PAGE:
If you ever work on large projects requiring good encapsulation, you might realise why this is not a good approach.

--
Very simple ideas lie within the reach only of complex minds.

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quote:
Original post by mossmoss
And what happens when the compiler notices you have this nice, const integer and decides to put it into read-only memory? Then your call *changed = 34 will hack up a nasty wet hairball, usually causing the program to crash or become unpredictable.

The compiler cannot do this to member variables though. You are allowed to change the value of member constants. If it was truely constant, you would also make it static. But don''t do what you did there zipless; it''ll succeed or fail at runtime depending on compilation options. (Release&Assume-No-Alias->Boom)

  class CArray{public: CArray(int size) : m_Size(size) {}protected: const int m_Size;};

mutable does not apply to this case. Mutable lets member variable change when the object instance is constant. You cannot declare a variable const and mutable, that is an oxymoron.

The root of the problem is that you are using a char*, there is no correct C++ way to handle the situation due to this. Since it is a primative pointer, and since you allow them to change it, you may as well make it public.

If this is for a utility class, handling errors or some-such-thing, just make the pointer public. If it''s a regular class, change the names of everything to better reflect what''s really happening.

  class CAvatar{public: const std::string& name(){return m_name;} void ChangeName(std::string& newName); void ChangeName(const char* const szNewName);protected: std::string m_name;};

It''s easily conceivable that you would need to do something other than update m_name upon a name change (say send it over the wire to everyone else playing the game).

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Ah OK, casting the value works in debug config but not in release so that idea's gone out of the window. I had assumed that it would work because there is no ROM it's only a section of memory marked as read only, i thought that accessing it through it's address would by-pass and checking. I assume that if i wanted to i could do it using assembler?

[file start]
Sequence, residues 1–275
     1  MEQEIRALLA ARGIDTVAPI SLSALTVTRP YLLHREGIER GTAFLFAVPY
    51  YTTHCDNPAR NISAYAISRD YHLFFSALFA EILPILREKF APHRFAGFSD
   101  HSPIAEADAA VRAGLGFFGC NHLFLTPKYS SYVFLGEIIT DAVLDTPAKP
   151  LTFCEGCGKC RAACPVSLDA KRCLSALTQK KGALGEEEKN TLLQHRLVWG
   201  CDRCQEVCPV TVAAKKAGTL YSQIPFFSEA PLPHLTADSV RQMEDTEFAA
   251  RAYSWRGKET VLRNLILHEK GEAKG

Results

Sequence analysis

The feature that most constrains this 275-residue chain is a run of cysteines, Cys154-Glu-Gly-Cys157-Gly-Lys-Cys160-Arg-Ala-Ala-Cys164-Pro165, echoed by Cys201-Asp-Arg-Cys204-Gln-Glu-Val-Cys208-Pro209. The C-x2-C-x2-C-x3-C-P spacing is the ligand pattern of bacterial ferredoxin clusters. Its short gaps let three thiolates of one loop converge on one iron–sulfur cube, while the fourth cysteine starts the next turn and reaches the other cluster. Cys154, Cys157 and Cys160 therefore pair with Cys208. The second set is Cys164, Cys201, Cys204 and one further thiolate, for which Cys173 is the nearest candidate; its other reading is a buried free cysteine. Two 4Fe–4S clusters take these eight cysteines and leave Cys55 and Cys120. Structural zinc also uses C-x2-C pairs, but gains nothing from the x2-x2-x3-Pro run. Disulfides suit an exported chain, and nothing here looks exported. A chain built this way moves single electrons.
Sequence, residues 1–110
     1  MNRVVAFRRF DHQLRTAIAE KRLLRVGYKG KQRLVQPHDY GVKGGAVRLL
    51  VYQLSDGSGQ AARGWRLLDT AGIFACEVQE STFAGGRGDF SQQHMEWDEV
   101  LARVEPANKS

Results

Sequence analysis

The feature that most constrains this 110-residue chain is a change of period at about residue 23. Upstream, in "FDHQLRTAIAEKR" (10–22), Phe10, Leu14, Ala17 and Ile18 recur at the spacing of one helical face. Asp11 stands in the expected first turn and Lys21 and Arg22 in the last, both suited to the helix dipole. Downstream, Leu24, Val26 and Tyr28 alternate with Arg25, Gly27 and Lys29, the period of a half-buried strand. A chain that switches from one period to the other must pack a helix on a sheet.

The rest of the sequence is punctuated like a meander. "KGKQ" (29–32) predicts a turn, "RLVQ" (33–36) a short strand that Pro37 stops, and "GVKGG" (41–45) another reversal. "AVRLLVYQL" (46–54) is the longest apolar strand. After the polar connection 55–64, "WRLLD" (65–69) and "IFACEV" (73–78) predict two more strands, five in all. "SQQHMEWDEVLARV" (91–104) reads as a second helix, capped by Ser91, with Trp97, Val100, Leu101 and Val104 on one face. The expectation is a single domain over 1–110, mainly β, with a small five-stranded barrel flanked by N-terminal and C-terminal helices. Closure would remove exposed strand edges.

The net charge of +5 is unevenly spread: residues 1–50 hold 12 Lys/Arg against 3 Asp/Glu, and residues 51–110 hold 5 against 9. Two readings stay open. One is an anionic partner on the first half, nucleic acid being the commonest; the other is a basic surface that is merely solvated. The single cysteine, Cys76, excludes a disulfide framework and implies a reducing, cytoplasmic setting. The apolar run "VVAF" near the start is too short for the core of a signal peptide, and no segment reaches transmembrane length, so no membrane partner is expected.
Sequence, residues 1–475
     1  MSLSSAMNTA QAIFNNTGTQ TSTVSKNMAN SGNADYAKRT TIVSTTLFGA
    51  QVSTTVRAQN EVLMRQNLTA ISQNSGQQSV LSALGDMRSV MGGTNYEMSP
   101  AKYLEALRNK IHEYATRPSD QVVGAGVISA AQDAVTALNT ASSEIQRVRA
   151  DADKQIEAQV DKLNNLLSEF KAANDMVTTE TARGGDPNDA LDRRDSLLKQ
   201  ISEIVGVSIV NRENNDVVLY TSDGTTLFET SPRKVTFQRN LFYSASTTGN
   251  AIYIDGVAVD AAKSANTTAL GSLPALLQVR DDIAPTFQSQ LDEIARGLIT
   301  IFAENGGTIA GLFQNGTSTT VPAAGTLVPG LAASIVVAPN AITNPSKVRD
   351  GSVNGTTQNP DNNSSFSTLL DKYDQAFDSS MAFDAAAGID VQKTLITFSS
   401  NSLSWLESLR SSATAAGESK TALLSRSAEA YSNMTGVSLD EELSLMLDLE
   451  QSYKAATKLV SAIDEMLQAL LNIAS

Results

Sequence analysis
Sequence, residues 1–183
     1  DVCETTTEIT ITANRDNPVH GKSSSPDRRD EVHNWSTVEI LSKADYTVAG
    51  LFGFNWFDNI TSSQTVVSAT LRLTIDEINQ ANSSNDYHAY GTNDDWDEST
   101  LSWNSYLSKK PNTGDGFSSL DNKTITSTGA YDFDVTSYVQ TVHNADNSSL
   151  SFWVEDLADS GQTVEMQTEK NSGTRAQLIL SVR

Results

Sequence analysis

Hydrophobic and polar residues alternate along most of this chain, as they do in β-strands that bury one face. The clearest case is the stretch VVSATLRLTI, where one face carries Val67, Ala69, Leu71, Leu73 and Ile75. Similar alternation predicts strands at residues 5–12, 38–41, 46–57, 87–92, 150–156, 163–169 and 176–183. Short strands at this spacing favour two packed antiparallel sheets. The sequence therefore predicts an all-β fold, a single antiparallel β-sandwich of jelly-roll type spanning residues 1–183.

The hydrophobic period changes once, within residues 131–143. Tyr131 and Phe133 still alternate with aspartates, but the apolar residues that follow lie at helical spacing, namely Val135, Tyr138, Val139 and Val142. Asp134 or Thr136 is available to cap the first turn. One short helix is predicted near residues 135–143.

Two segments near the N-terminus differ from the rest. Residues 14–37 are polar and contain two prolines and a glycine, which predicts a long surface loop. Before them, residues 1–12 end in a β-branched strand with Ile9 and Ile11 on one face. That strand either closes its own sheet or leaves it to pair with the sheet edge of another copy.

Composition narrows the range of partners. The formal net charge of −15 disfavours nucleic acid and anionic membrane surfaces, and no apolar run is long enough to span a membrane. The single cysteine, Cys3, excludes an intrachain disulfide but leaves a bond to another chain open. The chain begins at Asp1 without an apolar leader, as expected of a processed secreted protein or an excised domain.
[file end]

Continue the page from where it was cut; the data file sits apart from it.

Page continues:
I'll use mutatable and i'll probably end up making the member private as well. For the record the class is going to cache a file from disc into memory, pointed to by char *cache, the end of the file will be pointed to by char *chacheend. I definately don't want these values changing noramlly so i though const's would be a good way to go. I'll need to change cacheend if the file is altered, so thats why i wanted to know.

cheers once again guys.

By the way, was i right, could i have used assembler to change the const value? I'd assume so becouse there would be no checking performed, right?

/* Ignorance is bliss, then you go and spoil it by learning stuff */
EDIT: changed a load of grammer and spelling errors, i need sleep

Edited by - zipless on February 17, 2002 9:09:00 AM

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quote:
Original post by zipless
By the way, was i right, could i have used assembler to change the const value? I''d assume so becouse there would be no checking performed, right?

If you were hell-bent on changing a const value, sure you could find a way. However, the simple answer is to not declare variables which will change as const. Any other approach just makes life hard for yourself.

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Very simple ideas lie within the reach only of complex minds.

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Just remember that if something is said to invoke undefined behaviour, anything can happen. Even if it worked in release build as well, you were just lucky.

If you have to start playing about with the assembly, then you are writing really non-protable code. You need to ask yourself why you are going to these extremes and find a defined, cross-platform alterative.

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The code is going to be used with DirectX stuffs so i''m pretty much stuck with one platform anyway so using assembler won''t really make any difference. Don''t get me wrong though, i''m not thinking about using it i just wondered if i could cos i''m about to re-learn some ASM. I''ll use mutatable once i''ve played about with it for a while.

I know that a lot of people might consider changing the value in a memory address dangerous because there is no type checking etc, theres no safety net, but as long as the code is designed well there shouldn''t be any problems.

I can see why using a pointer with the const was a bad idea though, like i said at the start, i''m not familiar with them and i wasn''t sure how the compiler was supposed to react never mind how it would actually react. At least i won''t be making that mistake again.